that the view should be only as big as needed to fit the contents of the view. If you were to
instead use

"match_parent"
,
then the

EditText

element would fill the screen, because it
would match the size of the parent

LinearLayout
. For more information, see
the

Layouts

guide.

android:hint

This is a default string to display when the text field is empty. Instead of using a hard
-
coded
string as the value, the

"@string/edit_message"

value refers to a string resource defined
in a separate file. Because this refers to a concrete

resource (not just an identifier), it does not
need the plus sign. However, because you haven't defined the string resource yet, you’ll see
a compiler error at first. You'll fix this in the next section by defining the string.

Note:

This string resource h
as the same name as the element ID:

edit_message
. However,
references to resources are always scoped by the resource type (such as

id

or

string
), so
using the same name does not cause collisions.


Add String Resources


When you need to add text in the
user interface, you should always specify each string as a
resource. String resources allow you to manage all UI text in a single location, which makes it
easier to find and update text. Externalizing the strings also allows you to localize your app to
dif
ferent languages by providing alternative definitions for each string resource.

By default, your Android project includes a string resource file
at

res/values/strings.xml
. Add a new string named

"edit_message"

and set the
value to "Enter a message." (You c
an delete the "hello_world" string.)

While you’re in this file, also add a "Send" string for the button you’ll soon add,
called

"button_send"
.

The result for

strings.xml

looks like this:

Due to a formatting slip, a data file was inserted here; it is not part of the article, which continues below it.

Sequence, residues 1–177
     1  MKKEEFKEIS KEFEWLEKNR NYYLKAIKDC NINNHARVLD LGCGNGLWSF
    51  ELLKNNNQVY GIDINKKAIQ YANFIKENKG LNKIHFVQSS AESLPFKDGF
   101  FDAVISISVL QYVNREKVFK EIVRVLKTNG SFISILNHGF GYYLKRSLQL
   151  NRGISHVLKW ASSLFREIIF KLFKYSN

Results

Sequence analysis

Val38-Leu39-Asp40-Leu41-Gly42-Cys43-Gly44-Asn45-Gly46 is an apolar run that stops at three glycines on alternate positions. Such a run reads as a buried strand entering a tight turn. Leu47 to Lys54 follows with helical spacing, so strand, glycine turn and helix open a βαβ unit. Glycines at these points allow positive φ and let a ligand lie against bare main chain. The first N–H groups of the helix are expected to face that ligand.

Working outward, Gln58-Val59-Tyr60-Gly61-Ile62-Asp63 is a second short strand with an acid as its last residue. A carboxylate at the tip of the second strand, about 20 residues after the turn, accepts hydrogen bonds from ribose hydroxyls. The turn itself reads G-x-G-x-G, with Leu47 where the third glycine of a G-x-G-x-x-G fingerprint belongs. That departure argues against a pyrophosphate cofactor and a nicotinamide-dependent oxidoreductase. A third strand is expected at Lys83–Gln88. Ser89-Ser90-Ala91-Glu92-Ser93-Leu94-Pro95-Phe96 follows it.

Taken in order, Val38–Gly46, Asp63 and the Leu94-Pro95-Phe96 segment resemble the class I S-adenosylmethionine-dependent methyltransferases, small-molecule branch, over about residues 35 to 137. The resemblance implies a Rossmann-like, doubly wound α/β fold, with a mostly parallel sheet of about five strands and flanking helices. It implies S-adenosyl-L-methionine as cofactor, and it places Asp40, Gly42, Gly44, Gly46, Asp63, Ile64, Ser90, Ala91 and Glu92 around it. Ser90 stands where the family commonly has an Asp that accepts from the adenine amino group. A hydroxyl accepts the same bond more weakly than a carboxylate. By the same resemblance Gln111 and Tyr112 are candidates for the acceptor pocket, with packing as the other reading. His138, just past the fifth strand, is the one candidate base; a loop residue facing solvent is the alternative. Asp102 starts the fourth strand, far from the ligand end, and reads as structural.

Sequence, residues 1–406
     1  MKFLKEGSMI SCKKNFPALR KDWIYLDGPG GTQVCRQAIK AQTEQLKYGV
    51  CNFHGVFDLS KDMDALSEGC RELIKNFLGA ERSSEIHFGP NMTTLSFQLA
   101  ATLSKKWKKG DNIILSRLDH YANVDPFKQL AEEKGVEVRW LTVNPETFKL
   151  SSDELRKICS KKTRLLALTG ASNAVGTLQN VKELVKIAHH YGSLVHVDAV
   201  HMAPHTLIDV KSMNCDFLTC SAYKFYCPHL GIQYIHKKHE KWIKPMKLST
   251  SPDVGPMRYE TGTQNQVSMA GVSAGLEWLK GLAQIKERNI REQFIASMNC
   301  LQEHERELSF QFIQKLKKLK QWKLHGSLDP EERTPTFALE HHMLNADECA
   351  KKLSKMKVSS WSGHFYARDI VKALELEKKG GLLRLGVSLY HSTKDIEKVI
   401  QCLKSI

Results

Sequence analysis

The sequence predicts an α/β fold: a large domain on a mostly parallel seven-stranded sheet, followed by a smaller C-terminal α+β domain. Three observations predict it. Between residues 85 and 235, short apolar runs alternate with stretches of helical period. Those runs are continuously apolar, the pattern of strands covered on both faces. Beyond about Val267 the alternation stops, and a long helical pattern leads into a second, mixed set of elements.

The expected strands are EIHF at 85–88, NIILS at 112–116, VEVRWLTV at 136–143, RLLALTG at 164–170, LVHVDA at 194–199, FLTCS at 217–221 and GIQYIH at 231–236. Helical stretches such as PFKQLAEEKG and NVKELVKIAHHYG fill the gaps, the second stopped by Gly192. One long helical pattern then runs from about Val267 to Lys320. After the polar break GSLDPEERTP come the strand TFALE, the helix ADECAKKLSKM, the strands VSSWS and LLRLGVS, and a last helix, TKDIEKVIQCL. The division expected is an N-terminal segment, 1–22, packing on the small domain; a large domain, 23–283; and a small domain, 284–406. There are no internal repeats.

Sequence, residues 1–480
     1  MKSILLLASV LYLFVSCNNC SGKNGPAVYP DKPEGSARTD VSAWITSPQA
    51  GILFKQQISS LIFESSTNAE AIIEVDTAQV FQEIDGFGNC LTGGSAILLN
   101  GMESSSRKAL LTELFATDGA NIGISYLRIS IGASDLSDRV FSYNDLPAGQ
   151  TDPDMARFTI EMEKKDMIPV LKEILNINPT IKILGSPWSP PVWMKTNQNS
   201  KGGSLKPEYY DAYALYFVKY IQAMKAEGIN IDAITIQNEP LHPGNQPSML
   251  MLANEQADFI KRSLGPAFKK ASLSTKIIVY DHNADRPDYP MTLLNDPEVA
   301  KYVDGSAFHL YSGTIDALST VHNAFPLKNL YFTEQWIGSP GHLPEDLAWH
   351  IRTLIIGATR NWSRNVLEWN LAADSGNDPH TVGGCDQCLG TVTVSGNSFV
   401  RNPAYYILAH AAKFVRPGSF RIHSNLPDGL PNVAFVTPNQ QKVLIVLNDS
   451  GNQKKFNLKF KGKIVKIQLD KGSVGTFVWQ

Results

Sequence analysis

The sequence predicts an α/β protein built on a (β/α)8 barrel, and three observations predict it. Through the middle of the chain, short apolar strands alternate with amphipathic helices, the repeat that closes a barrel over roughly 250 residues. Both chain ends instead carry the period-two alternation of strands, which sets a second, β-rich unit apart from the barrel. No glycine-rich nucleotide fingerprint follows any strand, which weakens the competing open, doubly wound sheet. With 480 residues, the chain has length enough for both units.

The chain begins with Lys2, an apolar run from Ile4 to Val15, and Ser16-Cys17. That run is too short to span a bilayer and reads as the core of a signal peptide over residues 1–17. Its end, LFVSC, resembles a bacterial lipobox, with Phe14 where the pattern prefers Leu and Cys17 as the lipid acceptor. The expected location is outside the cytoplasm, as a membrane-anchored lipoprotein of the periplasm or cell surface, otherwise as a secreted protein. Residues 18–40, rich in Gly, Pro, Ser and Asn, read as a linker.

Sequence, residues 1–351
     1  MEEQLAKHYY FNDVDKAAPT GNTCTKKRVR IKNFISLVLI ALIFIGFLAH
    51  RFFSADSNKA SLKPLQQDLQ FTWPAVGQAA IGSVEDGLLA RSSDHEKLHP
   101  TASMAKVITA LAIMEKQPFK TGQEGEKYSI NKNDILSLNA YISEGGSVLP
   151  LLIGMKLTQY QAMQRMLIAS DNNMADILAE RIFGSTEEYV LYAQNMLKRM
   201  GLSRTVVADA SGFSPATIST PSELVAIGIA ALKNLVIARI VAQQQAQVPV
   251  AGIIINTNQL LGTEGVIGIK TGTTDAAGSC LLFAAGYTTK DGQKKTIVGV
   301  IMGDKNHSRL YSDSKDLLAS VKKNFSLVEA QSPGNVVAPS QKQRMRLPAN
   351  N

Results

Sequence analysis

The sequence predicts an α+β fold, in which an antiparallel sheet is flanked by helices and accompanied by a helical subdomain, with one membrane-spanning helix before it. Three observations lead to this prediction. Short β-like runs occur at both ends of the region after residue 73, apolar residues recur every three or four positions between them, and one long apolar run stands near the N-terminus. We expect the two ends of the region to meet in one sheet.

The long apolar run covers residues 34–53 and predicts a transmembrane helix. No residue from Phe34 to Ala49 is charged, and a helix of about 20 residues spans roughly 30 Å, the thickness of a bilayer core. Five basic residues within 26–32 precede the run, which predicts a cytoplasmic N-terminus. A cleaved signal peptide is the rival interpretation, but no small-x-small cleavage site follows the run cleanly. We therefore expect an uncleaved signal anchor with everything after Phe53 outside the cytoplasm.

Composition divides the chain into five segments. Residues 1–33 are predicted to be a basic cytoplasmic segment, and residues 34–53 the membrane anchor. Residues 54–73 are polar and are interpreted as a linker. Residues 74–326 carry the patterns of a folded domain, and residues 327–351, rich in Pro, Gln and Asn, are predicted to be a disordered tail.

<?
xml version
=
"1.0"

encoding
=
"utf
-
8"
?>

<resources>


<string

name
=
"
app_name"
>
My First App
</string>


<string

name
=
"edit_message"
>
Enter a message
</string>


<string

name
=
"button_send"
>
Send
</string>


<string

name
=
"menu_settings"
>
Settings
</string>


<string

name
=
"title_activity_main"
>
MainActivity
</string>

<
/resources>

For more information about using string resources to localize your app for other languages,
see the

Supporting Different Devices

class.


Add a Button


Now add a

<Button>

to the layout, immediately following the

<EditText>

element:


<Butto
n


android:layout_width
=
"wrap_content"


android:layout_height
=
"wrap_content"


android:text
=
"@string/button_send"

/>

The height and width are set to

"wrap_content"

so the button is only as big as necessary
to fit the button's text. This

button doesn't need the

android:id

attribute, because it won't
be referenced from the activity code.


Make the Input Box Fill in the Screen Width


The
layout is currently designed so that both the

EditText

and

Button

widgets are only as
big
as necessary to fit their content, as shown in figure 2.


Figure 2.

The

EditText

and

Button

widgets have their widths set to

"wrap_content"
.

This works fine for the button, but not as well for the text field, because the user might type
something longer. So, it would be nice to fill the unused screen width with the text field. You
can do t
his inside a

LinearLayout
with the

weight

property, which you can specify using
the

android:layout_weight

attribute.

The weight value is a number that specifies the amount of remaining space each view should
consume, relative t
o the amount consumed by sibling views. This works kind of like the
amount of ingredients in a drink recipe: "2 parts vodka, 1 part coffee liqueur" means two
-
thirds
of the drink is vodka. For example, if you give one view a weight of 2 and another one a
we
ight of 1, the sum is 3, so the first view fills 2/3 of the remaining space and the second view
fills the rest. If you add a third view and give it a weight of 1, then the first view (with weight of
2) now gets 1/2 the remaining space, while the remaining
two each get 1/4.

The default weight for all views is 0, so if you specify any weight value greater than 0 to only
one view, then that view fills whatever space remains after all views are given the space they
require. So, to fill the remaining space in yo
ur layout with the

EditText

element, give it a
weight of 1 and leave the button with no weight.


<EditText


android:layout_weight
=
"1"


...
/>